Currently, a warehouse navigation system is featured on MCFA’s equipment and according to Bowles, it is “one of the most unique and exclusive features” on their warehouse products.
Today, electric lift trucks are manufactured with AC (alternating current) motors. Allen Polk, national accounts sales manager for Chattanooga, Tennessee-based Kenco Fleet Services, says that AC lift trucks are more efficient consumers of battery power, which leads to longer battery run times and less maintenance costs.
In the meantime, a number of lift truck manufacturers are paying more attention to the ergonomics of masts. The mast, which raises and lowers the load hydraulically, is designed with the operator in mind. “Masts with improved visibility and smoother operation improves productivity and reduces stress during operation,” notes Allen Trego, director of product engineering for Marengo, Illinois-based Nissan Forklift.
There is also a focus on prolonging the life of the lift truck. A few years back, Raymond started to use stainless steel axels in their load wheels. Warehousing customers with large fleets can save thousands of dollars when utilizing stainless steel axels. Furthermore, stainless steel axels are particularly well suited for food and beverage applications since they resist corrosion.
Raymond has also updated the materials used to make the undercarriage of the forklift.
“On our undercarriage, we have moved to materials like ductile iron,” says Susan Rice, product manager of pallet trucks and stackers for Raymond. “Ductile iron infuses magnesium into metal, which forms a honeycombing. This honeycombing structure makes the material much more resilient to impact—it’s almost 30 percent stronger than steel.”
Additionally, electric fuel cell technology is an emerging technology. Although electronic fuel cell technology has not really caught on because of the initial cost, according to Raymond’s LaFergola, there are government programs that can help offset some of the costs to fuel cell technology and the hydrogen infrastructure that goes along with it.
The ability for equipment to handle harsh environments associated with refrigerated and freezer applications is a requirement for food and beverage companies.
MCFA offers a full corrosion protection package, which includes a fully galvanized truck frame with stainless steel hardware and pins as well as fully sealed electrical components. Lift trucks featuring fully sealed electrical components that are designed to withstand harsh, wet conditions are extremely attractive, as are lift trucks that are constructed to endure toxic spray downs.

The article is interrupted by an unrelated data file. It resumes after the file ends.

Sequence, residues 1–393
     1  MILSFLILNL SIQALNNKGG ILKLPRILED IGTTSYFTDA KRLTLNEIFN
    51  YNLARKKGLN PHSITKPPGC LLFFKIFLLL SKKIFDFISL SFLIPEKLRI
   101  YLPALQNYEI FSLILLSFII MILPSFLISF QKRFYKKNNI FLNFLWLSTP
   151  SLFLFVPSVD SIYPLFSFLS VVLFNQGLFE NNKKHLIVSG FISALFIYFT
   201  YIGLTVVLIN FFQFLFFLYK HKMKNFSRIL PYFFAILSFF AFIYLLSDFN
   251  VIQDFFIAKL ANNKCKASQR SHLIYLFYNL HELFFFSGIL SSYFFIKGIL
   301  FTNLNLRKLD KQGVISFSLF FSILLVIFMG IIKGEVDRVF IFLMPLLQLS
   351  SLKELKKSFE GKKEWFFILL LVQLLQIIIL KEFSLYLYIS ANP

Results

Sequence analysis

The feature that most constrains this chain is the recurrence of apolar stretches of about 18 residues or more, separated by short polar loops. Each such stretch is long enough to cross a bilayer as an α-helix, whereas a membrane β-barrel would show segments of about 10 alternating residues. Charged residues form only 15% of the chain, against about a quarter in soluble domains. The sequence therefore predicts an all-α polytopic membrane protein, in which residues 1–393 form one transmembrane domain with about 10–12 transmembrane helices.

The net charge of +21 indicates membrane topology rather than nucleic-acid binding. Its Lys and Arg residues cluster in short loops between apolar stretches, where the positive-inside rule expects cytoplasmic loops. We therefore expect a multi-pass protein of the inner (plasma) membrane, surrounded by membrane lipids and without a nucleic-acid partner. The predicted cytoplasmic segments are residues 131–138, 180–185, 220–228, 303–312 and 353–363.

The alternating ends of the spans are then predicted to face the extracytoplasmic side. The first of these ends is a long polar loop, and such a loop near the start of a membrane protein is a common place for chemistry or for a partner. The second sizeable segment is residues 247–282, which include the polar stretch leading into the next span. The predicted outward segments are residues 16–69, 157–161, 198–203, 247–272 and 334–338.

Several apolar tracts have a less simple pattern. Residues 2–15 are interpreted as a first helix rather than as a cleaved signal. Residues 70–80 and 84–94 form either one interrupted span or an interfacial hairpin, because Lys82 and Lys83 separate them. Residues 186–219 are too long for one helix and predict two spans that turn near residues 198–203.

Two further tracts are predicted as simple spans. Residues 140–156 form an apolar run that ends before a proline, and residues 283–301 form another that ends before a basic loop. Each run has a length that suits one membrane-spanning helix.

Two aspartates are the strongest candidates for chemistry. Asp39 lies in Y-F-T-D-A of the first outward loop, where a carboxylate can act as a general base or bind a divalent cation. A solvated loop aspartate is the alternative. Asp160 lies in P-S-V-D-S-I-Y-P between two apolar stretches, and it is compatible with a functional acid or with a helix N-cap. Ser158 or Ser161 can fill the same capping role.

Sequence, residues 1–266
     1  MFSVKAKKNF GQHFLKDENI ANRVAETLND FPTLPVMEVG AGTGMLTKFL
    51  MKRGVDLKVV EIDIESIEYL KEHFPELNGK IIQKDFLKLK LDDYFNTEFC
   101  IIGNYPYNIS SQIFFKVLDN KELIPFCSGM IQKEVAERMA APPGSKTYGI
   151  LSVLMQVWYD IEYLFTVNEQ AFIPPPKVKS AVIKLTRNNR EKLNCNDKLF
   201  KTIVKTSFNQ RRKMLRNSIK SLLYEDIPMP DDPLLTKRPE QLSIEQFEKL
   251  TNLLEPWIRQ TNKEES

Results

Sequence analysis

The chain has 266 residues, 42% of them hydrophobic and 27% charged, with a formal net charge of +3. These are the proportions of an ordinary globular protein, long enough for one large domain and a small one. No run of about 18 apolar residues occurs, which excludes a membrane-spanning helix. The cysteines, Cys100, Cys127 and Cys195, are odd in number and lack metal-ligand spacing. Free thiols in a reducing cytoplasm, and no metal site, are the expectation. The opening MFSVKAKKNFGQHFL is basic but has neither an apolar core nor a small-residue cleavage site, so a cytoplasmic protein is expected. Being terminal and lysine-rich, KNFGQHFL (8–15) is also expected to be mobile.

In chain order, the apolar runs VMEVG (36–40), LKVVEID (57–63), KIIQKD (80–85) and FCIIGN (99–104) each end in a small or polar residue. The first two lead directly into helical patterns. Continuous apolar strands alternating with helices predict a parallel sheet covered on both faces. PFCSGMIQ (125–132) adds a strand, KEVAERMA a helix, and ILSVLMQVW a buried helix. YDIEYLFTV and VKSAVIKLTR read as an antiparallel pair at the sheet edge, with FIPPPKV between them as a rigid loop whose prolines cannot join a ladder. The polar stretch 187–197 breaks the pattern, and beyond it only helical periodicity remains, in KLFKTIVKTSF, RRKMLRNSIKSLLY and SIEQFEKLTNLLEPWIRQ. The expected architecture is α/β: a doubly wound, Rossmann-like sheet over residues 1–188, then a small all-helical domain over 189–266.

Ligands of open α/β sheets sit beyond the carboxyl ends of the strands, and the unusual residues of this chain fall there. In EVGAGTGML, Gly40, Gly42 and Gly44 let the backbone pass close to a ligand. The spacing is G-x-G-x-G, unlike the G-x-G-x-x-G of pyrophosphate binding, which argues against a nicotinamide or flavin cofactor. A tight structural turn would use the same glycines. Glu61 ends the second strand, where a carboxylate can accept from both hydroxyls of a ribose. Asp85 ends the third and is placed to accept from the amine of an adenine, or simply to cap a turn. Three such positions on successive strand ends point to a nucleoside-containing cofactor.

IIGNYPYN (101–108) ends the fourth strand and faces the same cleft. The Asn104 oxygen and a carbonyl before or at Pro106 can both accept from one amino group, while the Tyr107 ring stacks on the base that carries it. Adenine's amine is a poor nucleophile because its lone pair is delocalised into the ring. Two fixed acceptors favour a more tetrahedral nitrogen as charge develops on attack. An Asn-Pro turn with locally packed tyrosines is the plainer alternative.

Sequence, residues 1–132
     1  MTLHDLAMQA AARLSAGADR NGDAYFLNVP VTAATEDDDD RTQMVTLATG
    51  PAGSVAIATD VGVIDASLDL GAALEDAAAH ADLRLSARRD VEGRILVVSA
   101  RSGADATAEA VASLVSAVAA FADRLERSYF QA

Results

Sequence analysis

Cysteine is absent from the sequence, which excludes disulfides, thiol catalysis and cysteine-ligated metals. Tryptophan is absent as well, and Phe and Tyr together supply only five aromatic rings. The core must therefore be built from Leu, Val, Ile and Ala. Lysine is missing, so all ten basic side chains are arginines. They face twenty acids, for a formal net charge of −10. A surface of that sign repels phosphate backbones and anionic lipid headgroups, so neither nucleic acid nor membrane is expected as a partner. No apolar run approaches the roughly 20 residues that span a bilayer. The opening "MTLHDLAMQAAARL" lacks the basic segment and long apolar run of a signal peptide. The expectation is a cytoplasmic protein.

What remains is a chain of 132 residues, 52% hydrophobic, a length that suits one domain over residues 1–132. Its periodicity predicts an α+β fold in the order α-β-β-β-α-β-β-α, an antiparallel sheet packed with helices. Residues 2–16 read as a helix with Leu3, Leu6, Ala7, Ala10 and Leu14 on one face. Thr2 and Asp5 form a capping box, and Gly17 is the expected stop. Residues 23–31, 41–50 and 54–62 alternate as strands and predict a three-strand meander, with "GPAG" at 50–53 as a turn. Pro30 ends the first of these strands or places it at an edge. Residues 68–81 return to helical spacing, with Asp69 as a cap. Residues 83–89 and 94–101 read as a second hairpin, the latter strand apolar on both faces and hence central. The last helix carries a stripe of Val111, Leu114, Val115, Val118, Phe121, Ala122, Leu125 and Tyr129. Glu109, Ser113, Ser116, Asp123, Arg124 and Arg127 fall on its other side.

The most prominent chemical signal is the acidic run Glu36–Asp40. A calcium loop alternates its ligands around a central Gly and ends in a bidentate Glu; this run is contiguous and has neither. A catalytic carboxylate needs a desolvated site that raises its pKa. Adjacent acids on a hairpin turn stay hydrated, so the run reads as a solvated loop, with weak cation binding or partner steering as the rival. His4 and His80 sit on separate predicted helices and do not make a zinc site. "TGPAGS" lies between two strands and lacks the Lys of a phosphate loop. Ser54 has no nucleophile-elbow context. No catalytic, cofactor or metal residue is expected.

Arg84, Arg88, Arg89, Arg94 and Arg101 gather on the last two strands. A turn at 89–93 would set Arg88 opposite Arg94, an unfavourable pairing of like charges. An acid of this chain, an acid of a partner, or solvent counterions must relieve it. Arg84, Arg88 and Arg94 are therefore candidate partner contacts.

“We equip all walkie end-riders with foodservice grade grease,” says MCFA’s Bowles. Foodservice grade grease provides protection against friction as well as corrosion and oxidation. It also helps to dispel heat buildup in warmer environments and increase a lift truck’s durability.
Similarly, Raymond also offers a package called Extreme Environment Corrosion Protection. With this, a lift truck is equipped with stainless pins and the entire frame and fork assemblies are galvanized to further protect the equipment from corrosion.
Tires have also come a long way in the industry. In challenging environments, tires can assure good traction and a smoother ride to reduce stress during operation. Grooved tires help to stand up to moisture that occurs in changing temperatures, says Kenco’s Polk.
Raymond uses Smoothy polyurethane tires for their electric lift trucks. Smoothy Tires are constructed to manage the high speeds of AC lift trucks and help to reduce heat buildup. “It is perfectly round and it gives you a much nicer ride quality,” notes Raymond’s Rice.
For Small-sized Jobs
If you ship out only a few semitrailer loads a week, a lower cost walkie or walkie end-rider could be the right equipment for your job, particularly if:
• A 4,500 to 6,000 pound capacity is satisfactory.
• You don’t need to stack loads inside the trailer.
• The transition from dock floor to dock leveler isn’t too jarring to the operator.
• Your shipping department is constantly loading trailers, a stand-up end control would be preferable over a walkie or walkie-rider. These battery-powered forklifts fit nicely into a standard 108-inch trailer door and their masts allow in-trailer stacking.